Signs point to return for Dodgers GM Colletti, not a shock considering success
The new Dodgers management team prefers continuity and stability, and the Dodgers have baseball's best record. So expect GM Ned Colletti and manager Don Mattingly to stick around awhile even if it's new team policy not to announce extensions or renewals of top brass.
While the Dodgers' new ownership team just took over and nothing has been firmed up yet, signs point to Ned Colletti and Don Mattingly remaining in their jobs as general manager and manager of the Dodgers into next year, and probably beyond that.
New Dodgers president Stan Kasten made clear he wants the subject of the job status of the team's top decisionmakers publicly "off the table,'' to the point where Kasten won't even confirm that Colletti has a dual option on his contract after this season and Mattingly has a year to go on his deal -- even though those situations are known. Kasten, who said it'll be their policy not to even announce new extensions for top brass as they happen, explained that he always wants the team leaders viewed as being in charge permanently and never wants it seen as a situation where the "clock is ticking.''
In any case, word is that the intention is to keep both men into next year, so barring an unusual turn of events, expect both back. That shouldn't come as a shock, as the Dodgers have the best record in baseball.
While Kasten declined to address the specifics of the situation, he did at least allow, regarding Colletti and Mattingly, "It's been a real treat dealing with them. I look forward to lots of success with them.''
Not too much should be read into any one of Kasten's comments regarding this subject, of course, as he obviously closely guards this type of information. Kasten said a big goal for him always has been "stability'' and "continuity,'' and his Braves teams exemplified those aspirations better than any team. Kasten kept Jim Bowden when Kasten took over as president of the Nationals, keeping him for four years before firing Bowden and ultimately replacing him with Mike Rizzo, who held the interim job upon Bowden's ouster.
In general, Kasten did say particular contractual situations won't factor into decisions about whether to keep key decisionmakers, which makes sense since the group that spent $2.15 billion for the Dodgers will want the best people and wouldn't be swayed by amounts of money that presumably represent a tiny fraction of the sale price.
Mattingly's popularity has grown to the point where he doesn't even seem to have the stain of his history in pinstripes anymore, so no one would expect a change in the mamager's chair. While there was skepticism over strategy when he started last year as a neophyte manager, there appears to be almost none now, a clear credit to him in a town that's tougher than folks realize.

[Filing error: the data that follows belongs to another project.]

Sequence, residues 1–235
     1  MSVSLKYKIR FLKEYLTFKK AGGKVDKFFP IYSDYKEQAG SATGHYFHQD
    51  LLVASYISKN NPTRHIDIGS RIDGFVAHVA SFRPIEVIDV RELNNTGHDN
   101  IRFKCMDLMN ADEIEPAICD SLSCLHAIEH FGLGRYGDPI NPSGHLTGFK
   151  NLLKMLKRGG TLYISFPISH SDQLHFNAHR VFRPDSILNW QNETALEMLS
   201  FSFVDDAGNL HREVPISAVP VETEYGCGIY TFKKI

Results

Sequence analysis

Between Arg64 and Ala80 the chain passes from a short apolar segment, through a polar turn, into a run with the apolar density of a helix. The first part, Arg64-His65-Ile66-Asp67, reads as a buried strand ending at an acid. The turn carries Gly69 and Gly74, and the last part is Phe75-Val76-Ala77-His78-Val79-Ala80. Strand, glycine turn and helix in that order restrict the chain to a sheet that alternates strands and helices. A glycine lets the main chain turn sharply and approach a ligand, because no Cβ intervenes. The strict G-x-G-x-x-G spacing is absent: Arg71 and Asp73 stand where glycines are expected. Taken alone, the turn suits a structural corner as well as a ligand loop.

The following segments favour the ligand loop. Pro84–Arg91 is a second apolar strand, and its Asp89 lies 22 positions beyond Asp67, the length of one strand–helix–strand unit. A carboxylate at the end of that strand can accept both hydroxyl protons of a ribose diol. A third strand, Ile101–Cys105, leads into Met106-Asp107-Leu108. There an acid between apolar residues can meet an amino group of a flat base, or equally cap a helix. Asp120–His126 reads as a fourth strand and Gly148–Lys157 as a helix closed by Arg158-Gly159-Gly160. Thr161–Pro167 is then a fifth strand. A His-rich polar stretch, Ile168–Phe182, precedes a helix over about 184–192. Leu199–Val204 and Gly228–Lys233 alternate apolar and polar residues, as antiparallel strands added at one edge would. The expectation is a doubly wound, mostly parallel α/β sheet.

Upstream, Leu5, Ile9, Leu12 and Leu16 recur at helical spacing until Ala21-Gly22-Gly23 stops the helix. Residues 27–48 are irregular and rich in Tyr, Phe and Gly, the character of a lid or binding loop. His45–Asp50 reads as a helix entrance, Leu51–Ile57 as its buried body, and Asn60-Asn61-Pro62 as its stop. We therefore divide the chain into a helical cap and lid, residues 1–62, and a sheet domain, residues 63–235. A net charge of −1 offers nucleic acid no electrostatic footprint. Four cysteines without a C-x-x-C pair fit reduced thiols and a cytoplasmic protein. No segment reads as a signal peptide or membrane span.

Colletti also is having a banner year so far. The Dodgers hold two years of options on Colletti's deal, and he also has his own "out'' after this year, meaning he could opt out if the Dodgers pick up his option years. That was an understandable feature since he worked in difficult circumstances in the Frank McCourt regime.
Now, of course, the Dodgers' GM job is one of the most desirable in sports, and the new ownership group very likely could attract many hot names for the post. But Colletti appears to be in excellent position, as he cut the payroll from $110 million in 2010 to $100 million last year and again to $90 million this year, at a time the team is showing stark improvement. The Dodgers' on-field performance was the one successful part of McCourt's controversial reign.
The Dodgers have been bolstered by the astute picks of scouting director Logan White, and Colletti scored big this winter by taking the $14 million that incumbent veteran starter Hiroki Kuroda sought and instead using it to buy Chris Capuano, Aaron Harang, Jerry Hairston Jr., Juan Rivera, Tony Gwynn and now Bobby Abreu, utilizing some backloading to add several nice complementary pieces. The biggest coup, though, was keeping superstar Matt Kemp with a $160-million, eight-year deal.
Colletti was also behind the arrangement that led to Mattingly becoming the successor to Joe Torre when he Torre stepped down, so that's another plus for Colletti.
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